Wood decks are the most popular choice, but there are several different types to choose from. The most common is pressure-treated lumber, which is made from southern pine that’s infused with chemicals to make it resistant to rot and insects. It’s relatively inexpensive and easy to find, making it a top choice for most homeowners. However, it’s not as durable as natural wood and will require regular refinishing to keep looking good.
Other types of wood decking include cedar and redwood, which both offer durability and a beautiful natural color. Redwood is known for its resistance to warping and rotting, while cedar has natural oils that repel pests and moisture. Both of these options are a bit more expensive than pressure-treated lumber, but they’ll hold up better in the long run and won’t require as much maintenance.
Another option is composite material, which is made from recycled plastics and wood fibers. It’s usually less expensive than wood and has a smooth finish that’s easy to clean and stain. It’s also highly weather-resistant and won’t warp or rot, but it does need to be power washed and refinished every two or three years.
Do the work.
If your deck’s wood has rotted away, it’s time to call in the professionals. They will be able to replace and reinforce posts, joists, beams, and boards. This will make the deck stronger and safer to walk on. They will also be able to advise you on what the best course of action is for your specific deck and the weather conditions in your area.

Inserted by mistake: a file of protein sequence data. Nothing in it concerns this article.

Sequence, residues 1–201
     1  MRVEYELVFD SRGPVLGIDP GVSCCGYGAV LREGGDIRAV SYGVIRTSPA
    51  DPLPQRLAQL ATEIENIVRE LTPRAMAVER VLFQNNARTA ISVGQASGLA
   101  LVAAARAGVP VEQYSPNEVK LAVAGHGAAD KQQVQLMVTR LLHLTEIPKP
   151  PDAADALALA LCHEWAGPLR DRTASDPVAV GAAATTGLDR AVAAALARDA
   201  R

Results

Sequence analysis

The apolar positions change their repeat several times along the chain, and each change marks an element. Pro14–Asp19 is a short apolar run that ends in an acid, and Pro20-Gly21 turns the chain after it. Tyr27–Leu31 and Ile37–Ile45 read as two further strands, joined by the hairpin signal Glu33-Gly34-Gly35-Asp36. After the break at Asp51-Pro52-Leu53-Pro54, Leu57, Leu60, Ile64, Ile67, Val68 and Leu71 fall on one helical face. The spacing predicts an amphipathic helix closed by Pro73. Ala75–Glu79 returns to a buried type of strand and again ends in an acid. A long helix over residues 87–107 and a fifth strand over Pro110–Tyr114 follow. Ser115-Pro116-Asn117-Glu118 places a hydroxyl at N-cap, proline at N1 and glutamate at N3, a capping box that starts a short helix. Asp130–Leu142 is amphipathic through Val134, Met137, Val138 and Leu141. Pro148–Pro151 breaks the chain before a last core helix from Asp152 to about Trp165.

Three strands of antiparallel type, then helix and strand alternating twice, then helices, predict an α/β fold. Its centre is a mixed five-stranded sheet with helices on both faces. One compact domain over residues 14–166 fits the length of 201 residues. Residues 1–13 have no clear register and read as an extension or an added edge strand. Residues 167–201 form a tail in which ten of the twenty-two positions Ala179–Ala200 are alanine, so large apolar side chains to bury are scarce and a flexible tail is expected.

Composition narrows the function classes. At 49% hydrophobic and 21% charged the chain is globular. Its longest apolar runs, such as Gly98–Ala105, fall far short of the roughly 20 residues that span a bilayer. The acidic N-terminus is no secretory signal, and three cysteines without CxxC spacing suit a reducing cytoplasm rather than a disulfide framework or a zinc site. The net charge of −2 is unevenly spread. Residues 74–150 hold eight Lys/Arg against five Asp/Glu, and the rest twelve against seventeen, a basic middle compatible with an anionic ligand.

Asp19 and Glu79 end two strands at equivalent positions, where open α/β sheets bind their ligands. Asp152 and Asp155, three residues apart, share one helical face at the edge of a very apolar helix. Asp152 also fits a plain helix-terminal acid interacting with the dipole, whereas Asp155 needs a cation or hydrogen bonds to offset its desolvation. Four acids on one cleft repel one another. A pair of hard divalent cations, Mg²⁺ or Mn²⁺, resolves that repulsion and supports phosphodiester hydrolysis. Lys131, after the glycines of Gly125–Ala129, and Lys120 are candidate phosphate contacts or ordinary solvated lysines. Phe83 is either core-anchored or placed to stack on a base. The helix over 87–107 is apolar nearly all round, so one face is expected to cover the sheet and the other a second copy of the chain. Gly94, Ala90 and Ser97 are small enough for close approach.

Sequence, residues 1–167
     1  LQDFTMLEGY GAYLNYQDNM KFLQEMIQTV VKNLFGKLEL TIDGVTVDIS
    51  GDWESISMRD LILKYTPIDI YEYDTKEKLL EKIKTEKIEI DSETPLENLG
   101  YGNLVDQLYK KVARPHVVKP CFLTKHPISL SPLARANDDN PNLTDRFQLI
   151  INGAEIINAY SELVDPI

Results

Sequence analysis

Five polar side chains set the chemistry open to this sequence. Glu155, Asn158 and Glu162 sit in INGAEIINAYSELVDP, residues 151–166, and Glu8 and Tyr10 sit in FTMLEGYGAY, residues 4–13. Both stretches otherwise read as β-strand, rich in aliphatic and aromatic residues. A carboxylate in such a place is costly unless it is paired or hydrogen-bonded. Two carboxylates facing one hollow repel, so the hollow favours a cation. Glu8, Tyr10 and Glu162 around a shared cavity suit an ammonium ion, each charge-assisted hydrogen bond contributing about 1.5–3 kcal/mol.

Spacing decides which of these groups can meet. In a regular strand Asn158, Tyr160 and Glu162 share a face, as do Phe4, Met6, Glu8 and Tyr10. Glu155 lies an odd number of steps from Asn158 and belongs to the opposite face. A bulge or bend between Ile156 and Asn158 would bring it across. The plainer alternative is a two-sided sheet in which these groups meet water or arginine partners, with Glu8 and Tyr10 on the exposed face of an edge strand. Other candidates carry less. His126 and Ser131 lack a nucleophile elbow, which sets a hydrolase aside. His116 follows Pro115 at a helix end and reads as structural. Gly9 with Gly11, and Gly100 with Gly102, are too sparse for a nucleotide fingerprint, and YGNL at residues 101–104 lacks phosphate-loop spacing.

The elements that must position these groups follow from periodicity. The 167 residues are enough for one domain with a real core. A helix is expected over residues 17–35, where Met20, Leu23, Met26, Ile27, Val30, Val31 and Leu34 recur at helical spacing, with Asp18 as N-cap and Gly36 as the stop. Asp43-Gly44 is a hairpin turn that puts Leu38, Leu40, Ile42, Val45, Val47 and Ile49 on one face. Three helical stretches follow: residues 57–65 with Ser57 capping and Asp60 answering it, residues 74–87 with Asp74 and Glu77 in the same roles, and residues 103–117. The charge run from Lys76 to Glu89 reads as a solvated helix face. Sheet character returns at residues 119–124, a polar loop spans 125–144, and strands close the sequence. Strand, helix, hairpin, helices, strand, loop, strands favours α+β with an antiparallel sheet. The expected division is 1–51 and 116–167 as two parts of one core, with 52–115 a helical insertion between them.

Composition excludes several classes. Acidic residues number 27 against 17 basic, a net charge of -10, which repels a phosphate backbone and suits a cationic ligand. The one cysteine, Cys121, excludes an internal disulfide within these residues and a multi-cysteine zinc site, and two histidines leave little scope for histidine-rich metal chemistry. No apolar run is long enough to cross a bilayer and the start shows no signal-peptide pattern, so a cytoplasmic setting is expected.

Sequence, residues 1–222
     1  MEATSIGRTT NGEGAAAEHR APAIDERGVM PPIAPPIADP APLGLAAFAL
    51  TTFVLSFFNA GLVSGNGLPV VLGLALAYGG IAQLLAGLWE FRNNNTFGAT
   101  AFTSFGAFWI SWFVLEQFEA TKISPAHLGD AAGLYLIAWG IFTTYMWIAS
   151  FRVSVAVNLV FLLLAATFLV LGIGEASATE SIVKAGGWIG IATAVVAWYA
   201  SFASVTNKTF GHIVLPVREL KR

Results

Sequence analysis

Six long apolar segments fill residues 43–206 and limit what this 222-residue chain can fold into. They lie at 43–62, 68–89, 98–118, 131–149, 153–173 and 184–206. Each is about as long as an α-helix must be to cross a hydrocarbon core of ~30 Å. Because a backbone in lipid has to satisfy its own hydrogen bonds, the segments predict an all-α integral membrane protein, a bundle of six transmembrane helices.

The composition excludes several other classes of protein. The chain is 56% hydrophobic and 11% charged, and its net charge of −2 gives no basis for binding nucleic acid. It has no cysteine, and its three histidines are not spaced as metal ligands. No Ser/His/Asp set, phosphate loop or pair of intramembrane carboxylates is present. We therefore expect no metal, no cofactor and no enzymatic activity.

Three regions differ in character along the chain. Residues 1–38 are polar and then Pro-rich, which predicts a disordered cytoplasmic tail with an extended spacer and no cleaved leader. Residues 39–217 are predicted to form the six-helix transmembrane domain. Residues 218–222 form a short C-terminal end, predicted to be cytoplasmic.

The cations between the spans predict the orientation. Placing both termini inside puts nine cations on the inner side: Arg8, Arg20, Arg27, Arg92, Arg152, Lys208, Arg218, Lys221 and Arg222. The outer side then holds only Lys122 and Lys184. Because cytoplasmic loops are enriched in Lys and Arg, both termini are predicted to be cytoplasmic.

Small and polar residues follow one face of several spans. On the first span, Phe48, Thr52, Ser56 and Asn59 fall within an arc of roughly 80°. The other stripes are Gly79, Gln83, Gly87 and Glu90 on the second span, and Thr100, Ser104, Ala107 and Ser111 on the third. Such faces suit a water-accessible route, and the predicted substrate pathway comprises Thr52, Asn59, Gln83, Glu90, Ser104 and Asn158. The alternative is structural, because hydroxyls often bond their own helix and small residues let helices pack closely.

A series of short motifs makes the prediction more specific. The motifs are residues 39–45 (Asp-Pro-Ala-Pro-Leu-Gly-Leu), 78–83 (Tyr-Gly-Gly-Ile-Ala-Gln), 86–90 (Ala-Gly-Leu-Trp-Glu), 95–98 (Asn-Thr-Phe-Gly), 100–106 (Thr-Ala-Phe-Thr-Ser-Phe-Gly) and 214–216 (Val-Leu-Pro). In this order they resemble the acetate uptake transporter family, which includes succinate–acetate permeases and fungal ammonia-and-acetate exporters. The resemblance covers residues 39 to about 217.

If you are looking to save money, you can try a few basic repairs yourself. Staining your own deck can be done for a fraction of the cost of hiring a contractor, especially in states with a lower cost of living. You may even be able to find the materials you need at your local home improvement store. It’s important to check with your local home improvement store before making a purchase to be sure they have the proper colors and stain to match your existing deck.
Another way to save money is to hire a contractor who will provide you with references and testimonials from previous clients. This is a great way to get an idea of the quality of work they do and how well they work with customers. You should also ask how they handle problems that arise on the job. A seasoned professional will be able to adjust quickly and still make sure the job gets done on time.
You should also check that your contractor has a valid license and insurance before hiring them for any type of work on your deck. This will protect you in case anything goes wrong on the job, and it will also let you know if they are a legitimate company. A reputable contractor will be happy to provide you with this information and should not have any problem offering you proof of their insurance, bonds, or worker’s compensation.